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Author Topic: 40-10 Doublet Antenna  (Read 5587 times)
KB8UUM
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Posts: 11




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« on: March 28, 2007, 05:28:25 AM »

Anyone have any suggestions about making a 44' doublet? Curious to know what the best feed would be to use? I am limited in space and it seems like it will just about fit. Also curious to know how much luck you guys have had with it on the air. Thanks for all the help.

Geoff
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AA4PB
Member

Posts: 14422




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« Reply #1 on: March 28, 2007, 12:49:20 PM »

If you are going to operate the doublet on all bands with a tuner then you must feed it with a low loss cable like open-wire or ladder line if you expect much in the way of performance. Coax will have too much loss on some bands due to the mismatch and high SWR on the feed line. Remember, the tuner will not lower the SWR on the feed line.
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Bob  AA4PB
Garrisonville, VA
W5ESE
Member

Posts: 550


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« Reply #2 on: March 28, 2007, 02:21:03 PM »

Geoff,

Realistically, you have 3 choices for feeding your
44' doublet. This is in decreasing order of
preference.

1) open wire ladder line
2) window line
3) tv twinlead

1) will have the lowest loss, and is the least
affected by ice/water.

2) is intermediate. it's quite popular and available
at many ham stores.

3) is available at most any radio shack store.

I use 1) at home and 3) when operating portable.

73
Scott
W5ESE
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AE6RF
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Posts: 151


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« Reply #3 on: March 30, 2007, 01:43:30 PM »

Google "Norcal doublet" for a 44' doublet made out of computer ribbon cable.

Easy to make. Enough people have used them so that if their performance was horrid somebody would have noticed...

73 de Donald
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NG0K
Member

Posts: 342




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« Reply #4 on: March 31, 2007, 06:34:23 AM »

I would suggest a 52 foot doublet minimum?  Use twinlead or 450 ladder.  I realize the 44 feet is popular due to it's size.  It's a double extended zepp on 10 meters.  But on 40m it's very short and the feedline losses will be significant, even with 450 ladder.  I had one for a while and it worked great on the high bands but it was terrible on 40 meters.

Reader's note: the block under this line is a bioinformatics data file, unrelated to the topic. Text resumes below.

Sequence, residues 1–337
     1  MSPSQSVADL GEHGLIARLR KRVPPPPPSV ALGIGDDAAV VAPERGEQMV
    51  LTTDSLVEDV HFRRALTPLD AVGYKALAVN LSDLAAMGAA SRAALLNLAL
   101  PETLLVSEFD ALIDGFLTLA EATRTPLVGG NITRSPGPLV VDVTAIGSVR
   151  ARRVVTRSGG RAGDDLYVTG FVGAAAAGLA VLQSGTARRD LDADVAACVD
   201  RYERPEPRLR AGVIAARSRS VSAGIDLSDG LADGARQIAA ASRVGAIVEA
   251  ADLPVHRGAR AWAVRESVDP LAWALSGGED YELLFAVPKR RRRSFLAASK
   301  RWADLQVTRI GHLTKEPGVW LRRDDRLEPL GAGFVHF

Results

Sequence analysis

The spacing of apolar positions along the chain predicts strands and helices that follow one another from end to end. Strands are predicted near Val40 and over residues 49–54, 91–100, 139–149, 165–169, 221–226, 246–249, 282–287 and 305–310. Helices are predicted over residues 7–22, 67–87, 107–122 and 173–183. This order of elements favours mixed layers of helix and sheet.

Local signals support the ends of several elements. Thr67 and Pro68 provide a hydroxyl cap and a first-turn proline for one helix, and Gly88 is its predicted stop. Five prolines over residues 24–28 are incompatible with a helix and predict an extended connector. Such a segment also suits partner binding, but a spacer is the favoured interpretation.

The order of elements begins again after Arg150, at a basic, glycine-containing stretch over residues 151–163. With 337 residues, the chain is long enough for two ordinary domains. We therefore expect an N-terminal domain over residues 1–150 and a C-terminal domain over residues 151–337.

W8JI has a nice write up on this here:  http://www.w8ji.com/short_dipoles_and_problems.htm

Good Luck on whatever you decide,
73, Doug
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73, Doug - NG0K
NG0K
Member

Posts: 342




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« Reply #5 on: March 31, 2007, 06:37:14 AM »

Also, don't be afraid to bend the ends down or sideways a little to fit your space.  As long as you have at least 50 to 60% horizontal, it won't make a very noticable difference.

Doug
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73, Doug - NG0K
WW5AA
Member

Posts: 2086




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« Reply #6 on: April 02, 2007, 11:08:59 AM »

Good place to start:

http://www.cebik.com/gup/gup34.html

73, de Lindy
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KB8UUM
Member

Posts: 11




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« Reply #7 on: May 08, 2007, 06:03:43 PM »

Has anyone tried an 18ft center fed doublet vertical for 20-10M??
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KE6VG
Member

Posts: 310




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« Reply #8 on: August 07, 2007, 07:12:54 AM »

I tried a 32' vertical doublet fed with 300 ohm twinlead. I used one of those large windsock poles. It acturally worked quite well. I had mine too close to the stucco house though. It had a roaring signal into Texas, but my coax fed 20 meter dipole at 30' seemed to win on most other paths.
My favorite for DX now is my half-square. I have one set up for 40 meters using two of the 32' winsock poles. I use one of the PAR Electronics transformers from their 1/2 wave antnenna. becuase it is compact.
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